Mark Shephard and Stephen Quinlan, University of Strathclyde
In 2012, 33 million British people accessed the Internet every day, more than double the number who did so in 2006 (Office of National Statistics UK, 2013). Part of this growth is a consequence of the rise in popularity of social media – today channels such as Facebook and Twitter are now a regular part of most people’s daily lives. Almost half of UK adults (48%) use social networking sites regularly, while 53% of Britons use the internet purely for social media alone, meaning the UK has the second highest proportion of social networkers in the EU, second only to the Netherlands (Office of National Statistics UK, 2013).
It comes as no surprise therefore that social media is taking on a greater importance in politics as it provides a means of engaging actively with the media and of interacting with the public and campaign supporters, as well as a means to influence the political agenda. Since the Barack Obama campaign of 2008, political campaigns are now expected to employ both offline and online strategies. Consequently, understanding online campaign activities is important to get a complete flavour of campaigns.
So what is the current state of play in the online world with respect to the Scottish independence referendum campaign? We have been tracking the Facebook and Twitter account activity of the two main campaigns: Yes Scotland (YS) and Better Together (BT) to explore the level of interactivity between social media users and the campaigns. In this contribution, we detail the current status of both campaigns’ online presence. We show that there has been greater activity and enthusiasm on the ‘yes’ side compared to the ‘no side’. Furthermore, our analysis suggests that the YS campaign has solidified its lead over the BT campaign in terms of activity and interest on social media over the past eight months. But with Scots not going to the polls until September 2014, the challenge for the ‘yes’ side leading up to the vote will be to translate the evident advantage in enthusiasm and support for their cause online into a campaign that succeeds in persuading others to cast a ‘yes’ vote at the ballot box.
Our analysis is based on tracking the Facebook and Twitter accounts of ‘Yes Scotland’ (YS) and ‘Better Together’ (BT) each weekday since August 2013 on a range of indicators including the number of likes for a Facebook page, the number of twitter followers, and the number of tweets from each campaign. We distinguish two different types of interactions on these mediums: visitor-driven and campaign-driven.
Visitor driven activity comes in the form of people visiting and actively interacting with a campaign’s page/account – by perhaps ‘liking’ a page or talking about a page in terms of Facebook, or following an account on Twitter. Campaign driven activity is activity by campaigns themselves and would take the form of number of posts put up on a FB wall, or the number of tweets the campaign sends out.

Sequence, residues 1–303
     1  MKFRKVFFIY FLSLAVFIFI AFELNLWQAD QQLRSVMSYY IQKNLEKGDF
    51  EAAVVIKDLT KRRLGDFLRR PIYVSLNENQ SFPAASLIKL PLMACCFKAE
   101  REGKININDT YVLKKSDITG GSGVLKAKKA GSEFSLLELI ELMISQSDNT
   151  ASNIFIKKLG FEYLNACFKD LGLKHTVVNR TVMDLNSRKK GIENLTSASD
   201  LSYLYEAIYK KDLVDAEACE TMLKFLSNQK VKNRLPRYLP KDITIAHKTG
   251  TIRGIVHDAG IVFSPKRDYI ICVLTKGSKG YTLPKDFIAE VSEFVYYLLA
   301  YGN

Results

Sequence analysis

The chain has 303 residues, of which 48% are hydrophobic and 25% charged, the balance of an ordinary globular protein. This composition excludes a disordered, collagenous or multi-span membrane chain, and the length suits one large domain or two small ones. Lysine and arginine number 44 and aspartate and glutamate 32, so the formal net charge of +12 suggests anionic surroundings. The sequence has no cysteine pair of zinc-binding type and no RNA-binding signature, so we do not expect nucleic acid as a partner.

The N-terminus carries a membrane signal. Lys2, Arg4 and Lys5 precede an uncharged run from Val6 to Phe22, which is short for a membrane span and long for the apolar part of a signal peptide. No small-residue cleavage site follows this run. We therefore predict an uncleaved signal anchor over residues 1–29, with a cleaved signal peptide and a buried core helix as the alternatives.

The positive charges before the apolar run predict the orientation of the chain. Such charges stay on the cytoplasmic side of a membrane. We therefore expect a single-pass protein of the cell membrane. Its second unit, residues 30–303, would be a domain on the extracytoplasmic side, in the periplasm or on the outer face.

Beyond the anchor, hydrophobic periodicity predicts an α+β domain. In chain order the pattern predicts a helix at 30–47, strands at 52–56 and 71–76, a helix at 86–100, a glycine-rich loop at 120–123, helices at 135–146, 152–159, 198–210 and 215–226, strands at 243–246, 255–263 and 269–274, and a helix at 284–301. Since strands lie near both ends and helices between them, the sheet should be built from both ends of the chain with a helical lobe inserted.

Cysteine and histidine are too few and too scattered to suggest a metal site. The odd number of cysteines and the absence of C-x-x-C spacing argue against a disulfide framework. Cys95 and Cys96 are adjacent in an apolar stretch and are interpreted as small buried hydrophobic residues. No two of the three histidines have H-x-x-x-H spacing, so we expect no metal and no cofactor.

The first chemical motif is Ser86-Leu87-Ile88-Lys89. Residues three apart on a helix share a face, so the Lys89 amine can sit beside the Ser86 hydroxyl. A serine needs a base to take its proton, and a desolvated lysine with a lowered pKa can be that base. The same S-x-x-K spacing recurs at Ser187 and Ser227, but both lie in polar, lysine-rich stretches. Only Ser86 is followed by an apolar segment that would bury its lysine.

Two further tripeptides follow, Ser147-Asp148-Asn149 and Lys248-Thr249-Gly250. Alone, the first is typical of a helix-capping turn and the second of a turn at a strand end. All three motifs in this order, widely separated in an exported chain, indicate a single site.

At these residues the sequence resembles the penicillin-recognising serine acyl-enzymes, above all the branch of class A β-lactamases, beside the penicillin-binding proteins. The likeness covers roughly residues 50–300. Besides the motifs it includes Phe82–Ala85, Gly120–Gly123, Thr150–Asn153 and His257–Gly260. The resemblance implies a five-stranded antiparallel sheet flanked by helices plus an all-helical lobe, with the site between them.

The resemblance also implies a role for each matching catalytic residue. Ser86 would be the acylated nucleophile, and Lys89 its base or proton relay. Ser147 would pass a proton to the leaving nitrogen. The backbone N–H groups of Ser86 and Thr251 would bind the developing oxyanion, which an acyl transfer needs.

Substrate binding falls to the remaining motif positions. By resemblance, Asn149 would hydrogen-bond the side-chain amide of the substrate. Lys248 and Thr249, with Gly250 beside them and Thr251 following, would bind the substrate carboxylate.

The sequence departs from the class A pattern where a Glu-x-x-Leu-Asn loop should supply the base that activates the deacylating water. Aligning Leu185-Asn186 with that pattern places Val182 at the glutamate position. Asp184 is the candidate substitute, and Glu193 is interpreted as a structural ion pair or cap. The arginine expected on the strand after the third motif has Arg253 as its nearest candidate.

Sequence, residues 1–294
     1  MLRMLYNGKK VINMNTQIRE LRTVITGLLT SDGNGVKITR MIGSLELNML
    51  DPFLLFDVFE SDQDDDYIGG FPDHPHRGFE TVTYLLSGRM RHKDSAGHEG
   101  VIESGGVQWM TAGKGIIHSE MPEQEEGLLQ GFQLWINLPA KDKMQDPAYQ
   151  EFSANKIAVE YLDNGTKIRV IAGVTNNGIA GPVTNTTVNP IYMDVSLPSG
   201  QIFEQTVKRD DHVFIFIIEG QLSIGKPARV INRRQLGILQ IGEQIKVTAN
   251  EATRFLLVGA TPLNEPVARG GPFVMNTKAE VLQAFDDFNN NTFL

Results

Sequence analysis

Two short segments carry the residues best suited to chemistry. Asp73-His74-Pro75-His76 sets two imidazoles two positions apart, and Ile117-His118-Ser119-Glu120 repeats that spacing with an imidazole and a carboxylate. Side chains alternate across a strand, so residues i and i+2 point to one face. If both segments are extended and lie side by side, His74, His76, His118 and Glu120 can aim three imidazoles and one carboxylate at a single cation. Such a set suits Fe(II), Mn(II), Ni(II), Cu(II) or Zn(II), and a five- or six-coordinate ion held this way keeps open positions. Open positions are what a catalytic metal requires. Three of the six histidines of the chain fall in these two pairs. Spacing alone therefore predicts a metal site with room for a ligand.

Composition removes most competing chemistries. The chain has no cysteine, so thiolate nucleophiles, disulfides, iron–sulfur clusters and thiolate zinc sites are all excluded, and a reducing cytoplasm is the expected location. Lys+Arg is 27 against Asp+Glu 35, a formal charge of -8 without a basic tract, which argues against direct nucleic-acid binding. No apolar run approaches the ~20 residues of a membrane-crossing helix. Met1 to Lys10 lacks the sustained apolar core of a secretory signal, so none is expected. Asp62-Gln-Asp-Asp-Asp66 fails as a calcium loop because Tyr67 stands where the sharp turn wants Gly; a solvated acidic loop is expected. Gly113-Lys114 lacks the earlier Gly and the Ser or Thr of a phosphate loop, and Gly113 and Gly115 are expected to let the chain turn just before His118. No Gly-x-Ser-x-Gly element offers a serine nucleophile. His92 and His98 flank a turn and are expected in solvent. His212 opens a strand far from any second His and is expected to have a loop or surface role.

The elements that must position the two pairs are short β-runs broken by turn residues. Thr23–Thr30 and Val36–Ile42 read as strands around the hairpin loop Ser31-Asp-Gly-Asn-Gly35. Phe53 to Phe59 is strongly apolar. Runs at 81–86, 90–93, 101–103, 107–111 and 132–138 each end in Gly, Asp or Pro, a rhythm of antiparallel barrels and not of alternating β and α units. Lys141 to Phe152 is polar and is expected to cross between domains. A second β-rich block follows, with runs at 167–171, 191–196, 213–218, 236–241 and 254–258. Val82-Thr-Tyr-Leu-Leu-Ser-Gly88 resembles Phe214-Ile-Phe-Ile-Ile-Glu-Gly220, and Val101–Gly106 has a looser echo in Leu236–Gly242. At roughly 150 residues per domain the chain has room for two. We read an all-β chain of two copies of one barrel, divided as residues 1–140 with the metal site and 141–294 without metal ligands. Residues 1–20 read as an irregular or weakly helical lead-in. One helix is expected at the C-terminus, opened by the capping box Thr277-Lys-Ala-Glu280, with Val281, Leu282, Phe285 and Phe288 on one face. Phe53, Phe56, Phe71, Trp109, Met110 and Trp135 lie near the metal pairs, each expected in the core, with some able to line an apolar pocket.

Figure 1 compares the differences between the two campaigns on three visitor driven indicators. First, the green continuous line tracks the difference in the number of ‘likes’ each campaign’s official Facebook page has received. It is calculated by subtracting the ‘likes’ for the ‘Better Together’ campaign’s page from the ‘likes’ for the ‘Yes Scotland’ page (the direction of the scoring is purely arbitrary). Second, the purple line represents a measure of the extent to which the two Facebook pages have been ‘talked about’ on average during the previous seven days. This metric is based on the extent of engagement with a campaign’s page such as the average number of likes a page receives, the number of posts to a page wall, the level of ‘liking’/commenting/sharing of a wall post, and the number of
Figure 1 Difference between ‘Yes Scotland’ (YS) and ‘Better Together’ (BT) campaigns in social media visitor driven activity – August 2013 to 21 March 2014.
In each case, a positive score indicates that the YS campaign scored more highly and a negative score that the BT campaign scored more highly. Thirdly, the orange dashed line in Figure 1 shows the difference between the number of people ‘following’ the YS Twitter account and those following the BT one.
‘Likes’ for a Facebook page can be interpreted as a measure of interest and/or support for a campaign and, given that it requires minimal effort (just a click of a button), is the easiest way for an individual to engage with the campaign of either side. Our data show that the YS campaign has consistently received more ‘likes’ than the BT campaign. Furthermore, since the launch of the independence White Paper on 26 November 2013 the gap in ‘likes’ between them has increased. On average, before the White Paper was launched, the YS Facebook page had been ‘liked’ on around 8,000 more occasions than the BT campaign. Since the launch of the White Paper, that average gap has grown to nearly 19,000. At the time of writing, the YS Facebook page had been liked on no less than 25,000 more times than its BT counterpart.